Wednesday, March 14, 2012

ECHA QSAR Toolbox version 2.3 now available for REACH

ECHA has announced the release of the newest version (Version 2.3) of the OECD QSAR Toolbox for use in REACH and other regulatory actions.  According to their press release, "the software helps registrants and authorities to use Quantitative Structure-Activity Relationship ((Q)SAR) methodologies to group chemicals into categories and to fill data gaps by read-across, trend analysis and to assess the (eco)toxicity hazards of chemicals under REACH. This helps to reduce costs and unnecessary testing on vertebrate animals."

While many chemicals do have existing or new data to meet many endpoints, they often have data gaps.  QSARs can be used both to meet some data requirements and provide an estimate of certain properties that allows decision-making on whether new testing is needed.

For more information see here.

The QSAR Toolbox and guidance documents can be downloaded here.

Tuesday, March 13, 2012

REACH Won't Work for TSCA Reform, Says Industry Based on Indiana Report

The US chemical industry is pointing to a new academic report as proof that the European REACH chemical management system is not a good fit for implementing in the US.  The report from Indiana University comes while Congress has effectively punted on pursuing reform of the 35 year old Toxic Substances Control Act (TSCA). 

The full report, for preparation of which the authors acknowledge receiving "unrestricted financial support from the American Chemistry Council, Dow, and DuPont," presents information about REACH and offers the following five findings:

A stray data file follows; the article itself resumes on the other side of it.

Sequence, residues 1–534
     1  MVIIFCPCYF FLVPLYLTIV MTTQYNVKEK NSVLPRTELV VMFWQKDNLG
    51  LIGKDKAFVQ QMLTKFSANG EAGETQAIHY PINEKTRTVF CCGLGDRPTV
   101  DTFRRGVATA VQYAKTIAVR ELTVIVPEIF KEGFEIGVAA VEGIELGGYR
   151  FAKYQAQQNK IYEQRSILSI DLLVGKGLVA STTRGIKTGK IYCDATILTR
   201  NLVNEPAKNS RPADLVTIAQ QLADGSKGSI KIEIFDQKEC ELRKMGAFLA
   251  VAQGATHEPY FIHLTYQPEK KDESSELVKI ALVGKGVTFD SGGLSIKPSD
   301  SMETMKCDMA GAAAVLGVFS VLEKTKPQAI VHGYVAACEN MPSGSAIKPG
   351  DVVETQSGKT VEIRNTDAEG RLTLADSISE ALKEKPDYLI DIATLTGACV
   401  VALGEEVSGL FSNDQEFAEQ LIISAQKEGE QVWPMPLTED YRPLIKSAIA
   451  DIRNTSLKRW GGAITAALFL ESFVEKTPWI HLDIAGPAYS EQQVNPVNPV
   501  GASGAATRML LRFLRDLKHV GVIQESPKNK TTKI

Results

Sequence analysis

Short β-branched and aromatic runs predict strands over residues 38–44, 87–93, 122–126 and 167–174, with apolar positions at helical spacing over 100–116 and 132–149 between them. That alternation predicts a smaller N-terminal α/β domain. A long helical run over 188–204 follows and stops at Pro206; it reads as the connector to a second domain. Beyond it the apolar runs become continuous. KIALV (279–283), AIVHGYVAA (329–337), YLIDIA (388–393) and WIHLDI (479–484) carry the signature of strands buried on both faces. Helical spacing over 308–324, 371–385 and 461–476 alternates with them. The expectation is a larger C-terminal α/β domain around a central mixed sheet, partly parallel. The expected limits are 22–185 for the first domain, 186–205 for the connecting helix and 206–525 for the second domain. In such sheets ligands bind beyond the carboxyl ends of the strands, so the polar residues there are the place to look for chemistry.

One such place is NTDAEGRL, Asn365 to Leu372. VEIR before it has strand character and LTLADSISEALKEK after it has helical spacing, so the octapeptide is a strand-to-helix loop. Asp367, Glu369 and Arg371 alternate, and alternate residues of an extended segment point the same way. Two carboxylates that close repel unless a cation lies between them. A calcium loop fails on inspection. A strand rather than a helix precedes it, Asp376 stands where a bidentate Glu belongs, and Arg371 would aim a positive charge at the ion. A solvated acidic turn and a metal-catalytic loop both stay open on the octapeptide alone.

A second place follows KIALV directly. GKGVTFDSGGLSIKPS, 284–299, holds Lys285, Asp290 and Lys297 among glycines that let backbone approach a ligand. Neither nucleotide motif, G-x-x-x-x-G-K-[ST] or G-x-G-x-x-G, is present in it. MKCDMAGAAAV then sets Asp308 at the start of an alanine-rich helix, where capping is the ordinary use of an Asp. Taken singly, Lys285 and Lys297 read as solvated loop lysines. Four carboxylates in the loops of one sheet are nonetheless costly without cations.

FINDING #1: U.S. Policymakers Should Consider Simplifications of the REACH program.

FINDING #2: If a REACH-like system is adopted in the United States, more public disclosure of safety-related information and opportunities for public participation should be provided.

FINDING #3: In considering how to streamline REACH for application in the United States, more focus should be on priority-setting based on risk and the opportunity to reduce risks to human health and the environment.

FINDING #4: Since some of the frustration and burden in the early years of REACH implementation has been linked to ambiguity in program design, a REACH-like system in the United States should provide clarification about critical standards, processes, and tools.

FINDING #5: If the United States chooses to adopt a REACH-like system of registration, unnecessary burdens on industry can be lessened by allowing for mutual, cross-Atlantic recognition of registration dossiers.

The full report can be downloaded as a PDF file here.